Please use this identifier to cite or link to this item: https://scholarhub.balamand.edu.lb/handle/uob/4234
Title: Bacterial resistance and genotoxicity of wastewater in a Lebanese University hospital
Other Titles: Bacterial resistance & genotoxicity of wastewater in a Lebanese University hospital
Authors: Farah, Jina
Advisors: Abdel-Massih, Roula
Subjects: Hospitals--Waste--Case studies
Genetic toxicology--Case studies
Issue Date: 2015
Abstract: 
Hospital wastewater is a major source of micropollutants and toxic chemicals, which have a hazardous effect on the environment. The aim of the study is to assess the genotoxicity of wastewater in a university hospital in a rural area of Lebanon and to evaluate the presence of multidrug resistant bacteria in wastewater. The samples were taken on a five day period, twice per day morning and afternoon, from four different pits, from different departments of the hospital. Bacteria were isolated from the samples; they were identified along with their resistant β- lactamases enzymes. Genotoxicity was evaluated using the SOS-Chromotest with the Escherichia coli PQ37 and the Ames Fluctuation Test with Salmonella typhimurium TA 98, with and without metabolic activation According to the samples collected, around 67.5% of the strains were Extended spectrum β-lactamases (ESBL) procedures, 25% were AmpC producers and 3 other strains were divided between AmpC/ESBL producers, Inhibitor resistant TEM (IRT) procedure and IRT/ESBL. The SOS Chromotest showed slightly or no genotoxicity at the concentrations tested. In the Ames Fluctuation test, 62.5% of the pits were non-genotoxic, 31.25% were slightly genotoxic and 6.25% were moderately genotoxic at the (x1) concentration. Moreover, an increase in genotoxicity was observed in the Ames Fluctuation test after metabolic activation. However, genotoxicity was much lower in this study compared to our previous work in a central university hospital.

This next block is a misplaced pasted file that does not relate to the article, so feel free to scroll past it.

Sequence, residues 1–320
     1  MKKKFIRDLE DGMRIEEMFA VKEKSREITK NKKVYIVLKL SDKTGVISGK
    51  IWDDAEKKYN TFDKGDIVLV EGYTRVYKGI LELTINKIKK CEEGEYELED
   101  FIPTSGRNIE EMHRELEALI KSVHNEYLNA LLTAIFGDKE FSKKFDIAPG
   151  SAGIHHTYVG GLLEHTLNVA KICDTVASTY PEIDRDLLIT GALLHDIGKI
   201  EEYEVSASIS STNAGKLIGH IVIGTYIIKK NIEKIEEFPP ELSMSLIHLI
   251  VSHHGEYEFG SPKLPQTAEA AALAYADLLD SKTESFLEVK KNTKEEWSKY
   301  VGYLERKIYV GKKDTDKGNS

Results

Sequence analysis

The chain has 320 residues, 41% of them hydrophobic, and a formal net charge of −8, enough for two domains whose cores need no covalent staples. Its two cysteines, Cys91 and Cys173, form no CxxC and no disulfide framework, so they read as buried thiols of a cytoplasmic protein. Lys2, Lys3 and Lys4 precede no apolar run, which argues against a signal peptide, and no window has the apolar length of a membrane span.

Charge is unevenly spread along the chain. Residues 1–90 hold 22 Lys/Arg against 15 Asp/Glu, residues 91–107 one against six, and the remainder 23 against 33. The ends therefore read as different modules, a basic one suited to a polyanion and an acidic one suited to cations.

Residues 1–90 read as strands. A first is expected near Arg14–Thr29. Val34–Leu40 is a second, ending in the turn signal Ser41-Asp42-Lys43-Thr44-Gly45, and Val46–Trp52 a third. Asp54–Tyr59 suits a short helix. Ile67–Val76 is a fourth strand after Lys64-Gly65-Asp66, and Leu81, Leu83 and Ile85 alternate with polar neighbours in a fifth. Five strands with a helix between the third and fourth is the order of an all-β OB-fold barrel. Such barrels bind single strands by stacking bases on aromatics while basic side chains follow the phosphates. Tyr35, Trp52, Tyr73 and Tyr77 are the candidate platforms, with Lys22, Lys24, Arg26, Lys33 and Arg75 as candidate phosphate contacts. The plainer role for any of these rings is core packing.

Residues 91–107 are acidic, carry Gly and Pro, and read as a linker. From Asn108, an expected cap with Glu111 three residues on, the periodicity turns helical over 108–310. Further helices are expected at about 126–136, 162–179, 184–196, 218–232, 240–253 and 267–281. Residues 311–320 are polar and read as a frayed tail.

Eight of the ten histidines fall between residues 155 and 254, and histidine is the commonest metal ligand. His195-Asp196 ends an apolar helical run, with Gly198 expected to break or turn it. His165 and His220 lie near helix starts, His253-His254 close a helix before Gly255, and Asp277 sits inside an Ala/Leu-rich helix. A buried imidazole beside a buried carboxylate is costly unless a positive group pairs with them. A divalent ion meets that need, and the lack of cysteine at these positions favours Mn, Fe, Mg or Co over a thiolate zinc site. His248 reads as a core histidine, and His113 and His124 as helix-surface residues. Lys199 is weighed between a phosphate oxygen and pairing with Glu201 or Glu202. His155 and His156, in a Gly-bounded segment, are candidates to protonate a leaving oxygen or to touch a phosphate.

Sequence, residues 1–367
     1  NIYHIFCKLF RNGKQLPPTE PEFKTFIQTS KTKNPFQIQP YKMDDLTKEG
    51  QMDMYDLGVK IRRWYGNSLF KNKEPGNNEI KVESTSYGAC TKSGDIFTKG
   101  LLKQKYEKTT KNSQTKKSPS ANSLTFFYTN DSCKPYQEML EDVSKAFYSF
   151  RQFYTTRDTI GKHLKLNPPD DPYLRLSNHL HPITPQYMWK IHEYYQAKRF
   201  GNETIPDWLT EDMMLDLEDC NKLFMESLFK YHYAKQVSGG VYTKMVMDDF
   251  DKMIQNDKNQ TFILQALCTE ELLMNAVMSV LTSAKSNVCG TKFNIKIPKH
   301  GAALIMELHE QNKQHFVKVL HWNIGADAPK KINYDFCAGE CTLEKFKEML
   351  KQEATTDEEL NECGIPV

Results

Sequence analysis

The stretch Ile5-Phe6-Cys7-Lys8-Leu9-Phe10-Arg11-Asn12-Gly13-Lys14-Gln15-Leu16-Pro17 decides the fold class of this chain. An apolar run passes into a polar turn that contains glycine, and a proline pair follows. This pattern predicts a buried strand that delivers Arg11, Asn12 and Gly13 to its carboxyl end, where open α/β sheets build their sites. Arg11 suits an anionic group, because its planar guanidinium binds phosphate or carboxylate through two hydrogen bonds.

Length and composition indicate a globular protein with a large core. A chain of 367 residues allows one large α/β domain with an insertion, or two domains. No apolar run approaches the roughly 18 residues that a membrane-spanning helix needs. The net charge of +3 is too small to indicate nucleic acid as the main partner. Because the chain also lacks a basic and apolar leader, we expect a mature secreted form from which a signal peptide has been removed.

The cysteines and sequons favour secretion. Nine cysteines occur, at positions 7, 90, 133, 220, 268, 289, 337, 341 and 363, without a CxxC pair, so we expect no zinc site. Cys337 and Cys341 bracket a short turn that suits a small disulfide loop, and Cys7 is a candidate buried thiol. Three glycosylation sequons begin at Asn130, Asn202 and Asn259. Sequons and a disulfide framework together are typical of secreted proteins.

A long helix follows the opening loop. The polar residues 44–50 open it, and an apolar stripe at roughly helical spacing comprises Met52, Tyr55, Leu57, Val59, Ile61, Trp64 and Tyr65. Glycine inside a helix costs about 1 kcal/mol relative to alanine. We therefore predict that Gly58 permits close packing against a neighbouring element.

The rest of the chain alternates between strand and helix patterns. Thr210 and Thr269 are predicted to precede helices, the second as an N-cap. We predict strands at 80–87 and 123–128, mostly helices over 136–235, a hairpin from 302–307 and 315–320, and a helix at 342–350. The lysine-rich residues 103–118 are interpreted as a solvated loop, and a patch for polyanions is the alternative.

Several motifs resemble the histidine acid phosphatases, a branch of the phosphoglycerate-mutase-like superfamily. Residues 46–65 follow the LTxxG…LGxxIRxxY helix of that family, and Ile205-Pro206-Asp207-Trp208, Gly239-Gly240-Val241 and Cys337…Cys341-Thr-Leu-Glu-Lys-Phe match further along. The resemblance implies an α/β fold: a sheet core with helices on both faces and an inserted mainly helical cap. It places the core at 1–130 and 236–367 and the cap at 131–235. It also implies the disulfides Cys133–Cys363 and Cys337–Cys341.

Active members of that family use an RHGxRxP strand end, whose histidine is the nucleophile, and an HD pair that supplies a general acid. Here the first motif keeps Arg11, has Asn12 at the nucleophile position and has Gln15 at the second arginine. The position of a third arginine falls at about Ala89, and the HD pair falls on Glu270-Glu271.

Description: 
Includes bibliographical references (p. 109-117).

Supervised by Dr. Roula Abdel-Massih.
URI: https://scholarhub.balamand.edu.lb/handle/uob/4234
Rights: This object is protected by copyright, and is made available here for research and educational purposes. Permission to reuse, publish, or reproduce the object beyond the personal and educational use exceptions must be obtained from the copyright holder
Ezproxy URL: Link to full text
Type: Thesis
Appears in Collections:UOB Theses and Projects

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